Much of the land that comprised the military base became private
property when the government released it following decontamination
after military training ended at the camp in 1945.
The Army conducted several cleanup operations at Camp Sibert during
1947 and 1948, though the possibility exists that chemical warfare
agents and conventional ordnance may still be in many locations.
The Corps and those contracted by the federal agency to search for
chemical weapons have been in an area around Duncan Farm Road for the
past few weeks.
Abrams said he did not know if the two mortar rounds were found off
Duncan Farms Road, but said the road had been discussed in the context
of the old rounds.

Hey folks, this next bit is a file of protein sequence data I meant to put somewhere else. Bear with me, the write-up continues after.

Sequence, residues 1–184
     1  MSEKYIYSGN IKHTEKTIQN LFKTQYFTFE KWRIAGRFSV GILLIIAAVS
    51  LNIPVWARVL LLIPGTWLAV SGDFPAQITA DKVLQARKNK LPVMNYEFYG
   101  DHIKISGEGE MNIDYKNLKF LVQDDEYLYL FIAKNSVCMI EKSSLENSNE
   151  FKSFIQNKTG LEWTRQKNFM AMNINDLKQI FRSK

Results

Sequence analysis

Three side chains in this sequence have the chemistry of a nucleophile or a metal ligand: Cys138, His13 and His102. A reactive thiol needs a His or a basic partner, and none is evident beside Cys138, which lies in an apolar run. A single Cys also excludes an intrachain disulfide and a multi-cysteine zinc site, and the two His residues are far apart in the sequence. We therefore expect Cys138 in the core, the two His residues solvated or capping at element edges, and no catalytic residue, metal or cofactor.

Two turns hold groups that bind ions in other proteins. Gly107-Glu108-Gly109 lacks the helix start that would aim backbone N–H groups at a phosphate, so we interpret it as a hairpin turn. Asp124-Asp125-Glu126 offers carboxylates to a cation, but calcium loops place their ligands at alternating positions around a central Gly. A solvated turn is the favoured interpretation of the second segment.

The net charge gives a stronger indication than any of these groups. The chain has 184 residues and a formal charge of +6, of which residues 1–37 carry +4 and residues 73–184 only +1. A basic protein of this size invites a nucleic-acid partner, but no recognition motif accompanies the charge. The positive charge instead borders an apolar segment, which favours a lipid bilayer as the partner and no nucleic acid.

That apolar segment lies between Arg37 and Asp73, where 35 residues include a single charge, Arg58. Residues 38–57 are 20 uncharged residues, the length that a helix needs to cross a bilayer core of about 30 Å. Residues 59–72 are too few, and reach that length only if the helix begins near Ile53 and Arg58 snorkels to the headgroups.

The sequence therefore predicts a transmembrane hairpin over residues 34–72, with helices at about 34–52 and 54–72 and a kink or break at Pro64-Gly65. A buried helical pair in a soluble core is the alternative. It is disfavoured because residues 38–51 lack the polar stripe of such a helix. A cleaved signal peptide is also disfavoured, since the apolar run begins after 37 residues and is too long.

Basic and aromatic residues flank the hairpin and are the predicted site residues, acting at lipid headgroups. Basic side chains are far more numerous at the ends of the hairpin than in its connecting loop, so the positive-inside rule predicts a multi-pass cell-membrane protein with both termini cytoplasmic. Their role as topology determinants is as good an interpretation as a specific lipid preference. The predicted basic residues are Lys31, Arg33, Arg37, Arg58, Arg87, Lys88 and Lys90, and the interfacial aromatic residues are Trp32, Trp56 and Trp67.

Camp Sibert is part of the Formerly Used Defense Sites program
established in 1986 by Congress to clean up former military
The Corps received $6 million this year through the FUDS program to
investigate the area near Steele designated as Site 8 where the live
mortar round was found in 2002.
Pat Robbins, public affairs officer for the Corps' Mobile District,
said the set-up and training process would take several weeks and it
"it will probably be late April" before contractors begin clearing and
digging work on the land.
Weaver man pleads guilty to drug charges
A 46 year old
Weaver man on parole for previous drug charges, has entered a guilty
plea to cooking methamphetamine next door to Weaver High School.
Charles Lea Pearl entered the guilty plea to first degree
manufacturing methamphetimines as a jury was being selected for his
trial. Pearl was arrested last March 15th after officers
with the Calhoun County Drug Task Force and officers from the Weaver
Police Department executed a search warrant at his Newberry Road home
in Weaver. Officers found an active Meth lab which was operating 500
High School. Pearls parole was revoked as a habitual violator pearl’s